“If you mean that stringy squirrel meat, no. I mean a real breakfast. A hot one. I never liked riding in the rain and there ain’t no officers telling us we got to keep going. And you, you look like death warmed over. We need to get somewhere in the dry.”
“Just like to keep moving since we got inside Texas. Feels like home and a warm bed are just around the next bend.”
“Well, they ain’t. Shoulda stopped in Nacogdoches last night. Sign back there said we’re in Cherokee County. Any idea how far it is to Rusk?”
“Figured we would have seen it by now.”
“Might be a doctor there. Damn sure would have been one in Nacogdoches.”
Out of habit, Lev stuck two fingers in his vest pocket looking for the makings to roll a cigarette. He found none. “You feel that bad?”
“Me? Hell, I been riding in front for a hundred miles to keep from stepping on you when you fall off your horse.”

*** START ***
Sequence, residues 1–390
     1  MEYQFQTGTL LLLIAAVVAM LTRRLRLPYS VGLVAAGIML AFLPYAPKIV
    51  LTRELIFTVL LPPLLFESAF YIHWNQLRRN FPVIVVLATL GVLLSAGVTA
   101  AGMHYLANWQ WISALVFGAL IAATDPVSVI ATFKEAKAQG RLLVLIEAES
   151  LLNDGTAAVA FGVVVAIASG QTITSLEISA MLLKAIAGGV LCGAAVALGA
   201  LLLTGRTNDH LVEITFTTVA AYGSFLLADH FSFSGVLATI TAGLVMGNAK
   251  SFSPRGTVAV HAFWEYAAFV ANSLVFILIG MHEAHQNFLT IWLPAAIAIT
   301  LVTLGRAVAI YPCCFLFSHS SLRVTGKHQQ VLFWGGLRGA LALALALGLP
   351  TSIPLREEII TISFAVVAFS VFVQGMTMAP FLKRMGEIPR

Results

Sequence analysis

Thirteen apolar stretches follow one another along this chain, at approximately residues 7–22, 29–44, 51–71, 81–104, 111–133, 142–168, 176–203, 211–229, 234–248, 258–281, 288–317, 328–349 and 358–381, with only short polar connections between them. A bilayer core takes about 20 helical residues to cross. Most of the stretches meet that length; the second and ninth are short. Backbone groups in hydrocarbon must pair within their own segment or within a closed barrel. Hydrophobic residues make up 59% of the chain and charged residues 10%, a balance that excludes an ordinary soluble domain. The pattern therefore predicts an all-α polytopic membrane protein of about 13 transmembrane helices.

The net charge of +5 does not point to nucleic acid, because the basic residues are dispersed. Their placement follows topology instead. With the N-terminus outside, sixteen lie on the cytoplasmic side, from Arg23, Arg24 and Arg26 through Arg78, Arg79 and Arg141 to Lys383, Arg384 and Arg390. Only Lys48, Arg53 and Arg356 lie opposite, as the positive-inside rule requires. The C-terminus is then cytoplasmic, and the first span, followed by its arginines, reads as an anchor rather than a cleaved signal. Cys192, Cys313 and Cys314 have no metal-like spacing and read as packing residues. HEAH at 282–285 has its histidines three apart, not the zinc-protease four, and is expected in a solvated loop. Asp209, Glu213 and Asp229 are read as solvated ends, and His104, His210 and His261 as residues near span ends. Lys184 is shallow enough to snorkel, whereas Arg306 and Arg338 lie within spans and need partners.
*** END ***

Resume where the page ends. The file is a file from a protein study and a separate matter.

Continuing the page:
They rode for another hour before they saw movement near a small building nestled in a little copse of pines. Black clouds made the day dark as night as they stopped in front of the box-and-strip building. A sign dangled on the porch. Good Samaritan Inn. They stepped down at the hitching rail, loosened their cinches and let their horses drink their fill from the water trough. They wound wet reins over the rail twice. Lev hung a spur rowel and stumbled as he stepped on the porch. Several boards were missing. “Watch your step. This porch has probably killed better men than me.”
Lev peeked through the road grime covering the poured glass part of the front door. He used his sleeve to wipe away cobwebs coated with red dust and the door squeaked open from the pressure. Sparse light from a single candle filtered onto the porch from inside.